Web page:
The current unfortunate reality of Final Fantasy Crystal Chronicles: Remastered Edition is that we’re now getting close to a week from launch, and the online just doesn’t work in Australia/New Zealand. If you’re like Andrew, one of our editors, he can get far enough to create a lobby, but without being able to successfully do so. I can’t even activate the options for multiplayer or friends at all now. For a game which relies almost entirely on a multiplayer experience for any kind of enjoyment it’s a pretty shabby state of affairs. For those who have been able to play online in other countries, the reports back are that it’s been mishandled, apparently disbanding parties after every dungeon and only allowing the host of a session to benefit from any progress.

Which means, if you’re picking up Crystal Chronicles: Remastered Edition, you’ll almost certainly be playing it solo. This brings your party down to just one, and a moogle who’ll follow you around carrying your crystal for you, which is appreciated. It also reduces the experience down to a very simple action RPG, as you slowly chip away at enemy health on your own, fuse magic in menus rather than on the field, and accumulate artifacts that can be collected and used to strengthen your character. It’s fine, and its simplicity might make it attractive for younger audiences looking for a simpler Final Fantasy experience, but the nature of the game relies on repetition across the years – as each dungeon can be tackled several times to reach their true conclusion. It’s just all pretty tedious on your lonesome.

There are little spurts of character, as those you meet along the way have their own cute stories which play out over the course of the game. You can even ‘mimic’ some of these characters, with a new feature that lets you dispense with your player-created character and become an NPC you like – although most of these are only available through items available through microtransactions. If the atmosphere of the game appeals to you and you find the characters memorable, this may be an attractive option for you, and less of a cynical play to squeeze more cash out of a nearly two-decade old game.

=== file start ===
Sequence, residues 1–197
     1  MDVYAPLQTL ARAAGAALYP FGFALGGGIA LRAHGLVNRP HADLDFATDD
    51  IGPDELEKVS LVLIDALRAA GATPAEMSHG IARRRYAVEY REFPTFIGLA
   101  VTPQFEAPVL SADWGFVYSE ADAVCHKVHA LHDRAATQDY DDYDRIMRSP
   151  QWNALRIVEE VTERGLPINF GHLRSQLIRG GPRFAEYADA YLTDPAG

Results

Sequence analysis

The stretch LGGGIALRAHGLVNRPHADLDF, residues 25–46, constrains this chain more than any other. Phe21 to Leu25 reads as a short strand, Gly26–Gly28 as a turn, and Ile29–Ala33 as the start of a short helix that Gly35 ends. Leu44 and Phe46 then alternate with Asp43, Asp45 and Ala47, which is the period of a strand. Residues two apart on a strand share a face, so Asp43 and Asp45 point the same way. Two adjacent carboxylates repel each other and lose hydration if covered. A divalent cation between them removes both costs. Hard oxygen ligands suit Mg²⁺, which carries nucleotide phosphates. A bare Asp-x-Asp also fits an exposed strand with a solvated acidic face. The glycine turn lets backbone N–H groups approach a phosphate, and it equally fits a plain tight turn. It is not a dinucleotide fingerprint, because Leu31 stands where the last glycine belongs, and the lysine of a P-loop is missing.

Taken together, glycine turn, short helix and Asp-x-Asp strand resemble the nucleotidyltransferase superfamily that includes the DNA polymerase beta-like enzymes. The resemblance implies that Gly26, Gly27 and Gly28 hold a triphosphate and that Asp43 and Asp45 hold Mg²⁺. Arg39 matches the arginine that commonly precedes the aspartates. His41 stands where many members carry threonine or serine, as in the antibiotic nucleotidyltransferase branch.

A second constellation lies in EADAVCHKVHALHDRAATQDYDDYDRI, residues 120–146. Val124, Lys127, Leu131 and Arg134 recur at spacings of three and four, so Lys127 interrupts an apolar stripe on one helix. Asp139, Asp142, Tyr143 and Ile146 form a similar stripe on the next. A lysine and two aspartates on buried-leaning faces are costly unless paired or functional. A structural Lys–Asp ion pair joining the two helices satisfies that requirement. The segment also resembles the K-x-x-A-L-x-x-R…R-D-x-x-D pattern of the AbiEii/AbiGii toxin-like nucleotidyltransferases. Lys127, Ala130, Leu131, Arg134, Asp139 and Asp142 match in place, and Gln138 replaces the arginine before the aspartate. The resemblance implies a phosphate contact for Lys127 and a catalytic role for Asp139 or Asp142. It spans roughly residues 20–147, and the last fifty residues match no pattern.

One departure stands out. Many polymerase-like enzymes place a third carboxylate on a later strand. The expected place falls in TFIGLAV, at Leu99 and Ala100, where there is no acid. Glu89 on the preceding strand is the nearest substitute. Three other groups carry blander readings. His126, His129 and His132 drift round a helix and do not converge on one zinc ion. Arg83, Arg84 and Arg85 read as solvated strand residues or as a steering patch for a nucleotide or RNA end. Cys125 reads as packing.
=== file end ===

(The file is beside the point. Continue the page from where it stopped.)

Final Fantasy Crystal Chronicles: Remastered Edition is a pretty dull game when played alone, which is the only way most people can play it right now. While it’s very probable the online issues will be fixed in the near future, the experience still won’t really match what the original was going for (successfully or unsuccessfully), drawing together a band of mates in the same room to work together to take on classic FF foes. Without some major updates, the online functionality (assuming it works) isn’t going to be able to realise or improve upon that original design, which is a little sad for those who do hold some nostalgia for this series and were looking forward to revisiting its world. There are better Final Fantasy remasters and remakes on all the platforms this is out on, and your time would be better spent with any of them.


-A cute world polished relatively nicely for modern consoles, complete with new voice acting
-Simple mechanics make it an easy introduction into the world of Final Fantasy
-Some lovely music


-What may have been a unique multiplayer concept on GameCube has been hobbled by the removal of local multiplayer
-And the online multiplayer doesn't actually work yet
-Dull, boring gameplay that relies on repetition of unmemorable dungeons
-Pretty big selection of microtransactions on a near two-decade old game

Overall Score: